From East to West: Mixed Reaction to Trump’s Air Strikes

A Symbolic Strike That Will Achieve Little

The United States launched 59 Tomahawk cruise missiles at a government-controlled Syrian air force base in the Homs province, purportedly where the nerve agent sarin was loaded on to aircraft that attacked a village in the rebel-held Idlib province.

Trump authorised this attack to ostensibly demonstrate that he will take a harder line against Syria, unlike his predecessor Barack Obama. While Trump’s actions represent the first time the US has attacked Assad’s forces since the civil war began six years, this military strike is embedded in a deeper history of America disciplining countries from the air over their weapons of mass destruction (WMD) facilities.  Trump is in fact carrying on the legacy of President Bill Clinton.

The US launched cruise missile attacks against Iraqi WMD sites throughout the 1990s, and as of 2017 it is doing the same in Syria. The attacks seem to achieve little in the long run in changing the targeted government’s behaviour, but they provide symbolic proof to the international community of the US taking concrete action to discipline a country that violates the norm prohibiting WMD use.  

Ibrahim al-Marashi, Al-Jazeera

Trump's Syria strike sends not-so-subtle warning to U.S. rivals

“President Donald Trump's decision to strike Syria sent a powerful message around the world -- one that could be read very differently in Moscow, Pyongyang and Beijing. For Russia, it may finally put to rest expectations from the 2016 campaign that Trump will pursue closer ties with President Vladimir Putin, an ally of Syrian President Bashar al-Assad. For North Korea, it was a warning the U.S. is willing to act unilaterally. And for China, whose leader Xi Jinping was dining with Trump right before the missiles took flight, the attack was a potent sign of the new American president's unpredictability.”

Toluse Olorunnipa, Ting Shi and Margaret Talev, Dallas Morning News

A Show of Force

The US military strikes could lead to a "falling out" between the Trump administration and the Putin administration, ending their "honeymoon" period where each side had extended an olive branch to the other. Conflict between the US and Russia will once again emerge, repeating the same cycle experienced by the Obama administration where initial amity turned into serious opposition.

Not too long ago, Trump said that simultaneously attacking IS and the Syrian government would be foolish. But now he has ordered an attack despite affording himself only a narrow window in which to make his decision. This is Trump's first major move in international affairs, and it leaves an impression that the decision was made in haste and not without contradiction.  

The Middle East is poised to be the center of attention once again. Neither Russia nor Iran will remain silent on the attack nor sit idly by and accept the fallout. The Syrian civil war is entering a new phase. More refugees will flee the region and Europe may have to pay the price.

Editorial, The Global Times

A Complete Turnaround in Trump’s Policy

By attacking the air force base in Homs, Trump accomplished more than his predecessor Barack Obama did in almost six years of condemnations and reprimands for the Syrian regime. Still, the Americans have chosen a relatively safe path of action: Rather than attacks by warplanes or sending ground troops into Syria, they fired missiles from a long way off.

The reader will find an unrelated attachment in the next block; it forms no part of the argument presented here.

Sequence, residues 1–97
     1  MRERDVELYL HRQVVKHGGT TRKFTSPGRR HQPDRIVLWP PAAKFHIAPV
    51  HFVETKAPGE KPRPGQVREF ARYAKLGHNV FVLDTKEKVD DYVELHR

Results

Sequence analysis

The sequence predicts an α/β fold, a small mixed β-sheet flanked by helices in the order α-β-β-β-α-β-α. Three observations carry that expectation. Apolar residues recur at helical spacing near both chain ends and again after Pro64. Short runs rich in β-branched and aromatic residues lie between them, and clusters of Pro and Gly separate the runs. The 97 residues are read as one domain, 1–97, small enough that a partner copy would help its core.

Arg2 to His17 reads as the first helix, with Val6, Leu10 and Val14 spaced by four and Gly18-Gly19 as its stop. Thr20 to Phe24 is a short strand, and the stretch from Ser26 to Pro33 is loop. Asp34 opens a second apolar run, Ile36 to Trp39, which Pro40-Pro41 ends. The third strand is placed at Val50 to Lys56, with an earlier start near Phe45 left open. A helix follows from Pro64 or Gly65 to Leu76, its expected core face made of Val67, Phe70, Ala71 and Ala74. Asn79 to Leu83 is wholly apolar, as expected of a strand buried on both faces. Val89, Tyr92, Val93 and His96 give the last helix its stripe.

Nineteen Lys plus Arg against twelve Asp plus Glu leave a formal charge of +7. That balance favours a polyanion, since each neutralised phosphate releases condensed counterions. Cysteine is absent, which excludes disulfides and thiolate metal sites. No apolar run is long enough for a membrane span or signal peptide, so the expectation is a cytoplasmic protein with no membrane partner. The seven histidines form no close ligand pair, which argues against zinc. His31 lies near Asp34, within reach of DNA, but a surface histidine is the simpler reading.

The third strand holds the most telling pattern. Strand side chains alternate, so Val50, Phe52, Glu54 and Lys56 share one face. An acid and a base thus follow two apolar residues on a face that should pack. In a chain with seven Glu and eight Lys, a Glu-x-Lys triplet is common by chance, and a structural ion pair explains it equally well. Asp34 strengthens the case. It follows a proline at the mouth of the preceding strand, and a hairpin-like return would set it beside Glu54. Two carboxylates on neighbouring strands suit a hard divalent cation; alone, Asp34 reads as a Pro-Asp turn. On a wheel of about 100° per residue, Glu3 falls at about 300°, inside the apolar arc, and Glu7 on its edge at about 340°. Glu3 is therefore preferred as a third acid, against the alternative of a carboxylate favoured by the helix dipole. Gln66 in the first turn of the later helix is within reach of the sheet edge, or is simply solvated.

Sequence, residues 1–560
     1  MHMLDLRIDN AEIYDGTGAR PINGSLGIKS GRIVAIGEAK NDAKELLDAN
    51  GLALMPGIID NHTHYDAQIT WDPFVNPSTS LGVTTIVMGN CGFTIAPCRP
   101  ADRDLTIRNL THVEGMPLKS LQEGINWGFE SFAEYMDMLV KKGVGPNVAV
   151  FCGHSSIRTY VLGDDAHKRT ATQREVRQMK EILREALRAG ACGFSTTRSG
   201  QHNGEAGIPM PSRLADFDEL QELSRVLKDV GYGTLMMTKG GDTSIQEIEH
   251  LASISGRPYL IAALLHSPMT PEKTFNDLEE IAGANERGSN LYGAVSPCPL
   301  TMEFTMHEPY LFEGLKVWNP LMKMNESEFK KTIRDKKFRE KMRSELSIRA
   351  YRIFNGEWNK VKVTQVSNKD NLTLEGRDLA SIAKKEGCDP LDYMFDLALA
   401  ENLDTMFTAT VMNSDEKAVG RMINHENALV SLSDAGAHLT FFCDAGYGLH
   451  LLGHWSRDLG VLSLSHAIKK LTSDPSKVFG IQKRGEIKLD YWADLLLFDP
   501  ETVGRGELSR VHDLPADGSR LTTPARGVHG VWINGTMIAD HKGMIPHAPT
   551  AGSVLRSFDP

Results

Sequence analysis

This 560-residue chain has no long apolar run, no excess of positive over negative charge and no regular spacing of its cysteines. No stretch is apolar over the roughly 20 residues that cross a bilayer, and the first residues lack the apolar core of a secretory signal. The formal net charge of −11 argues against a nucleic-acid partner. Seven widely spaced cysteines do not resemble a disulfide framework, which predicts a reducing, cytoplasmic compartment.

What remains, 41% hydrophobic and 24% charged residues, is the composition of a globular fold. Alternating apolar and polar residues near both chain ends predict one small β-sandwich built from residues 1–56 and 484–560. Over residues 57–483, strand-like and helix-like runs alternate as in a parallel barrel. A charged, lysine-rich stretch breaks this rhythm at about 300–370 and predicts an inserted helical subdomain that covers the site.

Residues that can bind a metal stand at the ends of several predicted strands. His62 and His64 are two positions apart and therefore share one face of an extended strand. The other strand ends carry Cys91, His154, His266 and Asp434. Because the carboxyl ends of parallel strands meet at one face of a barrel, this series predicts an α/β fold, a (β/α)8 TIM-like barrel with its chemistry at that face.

The unanswered question is whether the United States will be willing to continue with its commitment to overthrow the regime in Damascus. The message from the Pentagon on Thursday night was that this was a one-time attack, a proportional act of punishment after the regime crossed a red line and murdered civilians using chemical weapons, say reports from Washington. Another open question, which was raised after the previous large chemical weapons attack by Assad in 2013, still exists, and it's a moral one: Why is the world willing to remain silent about the murder of many more civilians by conventional weapons?

Amos Harel, Haaretz

Geopolitical victory or a slide into a war Americans didn’t ask for?

“It should give no one comfort to also know that the Trump White House has been in continuous disarray. Surrounded by sycophants who have little policy experience, the Trump administration is thin on international and foreign policy expertise. Russia’s retaliatory strike could provoke escalation, which would force this conflict into a showdown between two leaders. Adding other regional players into the mix only furthers the potential for wider-scale destruction. Israel has already publicly spoken out against the Syrian chemical attack and announced its intent to devise a military strategy to combat similar future actions. Iran and Hezbollah, another two wild cards, are staunch allies of Mr. al-Assad, with troops throughout Syria. Clearly, Donald Trump’s strike on Syria is a game changer in this protracted Mideast conflict. Whether it ushers in an end to Mr. al-Assad’s brutality or incites the beginning of a global and regional conflict is yet to be seen.”

Bessma Momani, Toronto Globe & Mail

Syria missile strike could lead to political solution

“Trump's use of cruise missiles was justifiable and useful, but now comes the more complex part. He needs to develop a broader strategy that envisions a Syria in which all groups have their rights and their protection, through some type of plan for self-governance in regions where Kurds and Sunni Arabs predominate. That might just work.”

Michael O’Hanlon. USA Today

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